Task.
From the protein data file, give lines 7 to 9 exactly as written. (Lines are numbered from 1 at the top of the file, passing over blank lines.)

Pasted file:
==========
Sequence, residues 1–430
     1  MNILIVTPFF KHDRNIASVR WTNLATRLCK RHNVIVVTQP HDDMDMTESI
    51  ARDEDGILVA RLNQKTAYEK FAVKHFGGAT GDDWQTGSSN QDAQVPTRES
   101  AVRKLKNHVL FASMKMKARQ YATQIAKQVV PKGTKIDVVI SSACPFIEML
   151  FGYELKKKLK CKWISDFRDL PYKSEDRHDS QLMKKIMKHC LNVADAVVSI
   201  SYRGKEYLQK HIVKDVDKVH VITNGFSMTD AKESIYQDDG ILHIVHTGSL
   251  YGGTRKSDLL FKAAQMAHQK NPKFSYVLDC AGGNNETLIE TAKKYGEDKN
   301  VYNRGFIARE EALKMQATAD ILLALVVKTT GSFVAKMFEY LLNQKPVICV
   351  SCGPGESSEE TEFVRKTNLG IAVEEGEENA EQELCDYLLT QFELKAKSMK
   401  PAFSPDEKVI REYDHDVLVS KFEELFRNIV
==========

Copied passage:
   251  YGGTRKSDLL FKAAQMAHQK NPKFSYVLDC AGGNNETLIE TAKKYGEDKN
   301  VYNRGFIARE EALKMQATAD ILLALVVKTT GSFVAKMFEY LLNQKPVICV
   351  SCGPGESSEE TEFVRKTNLG IAVEEGEENA EQELCDYLLT QFELKAKSMK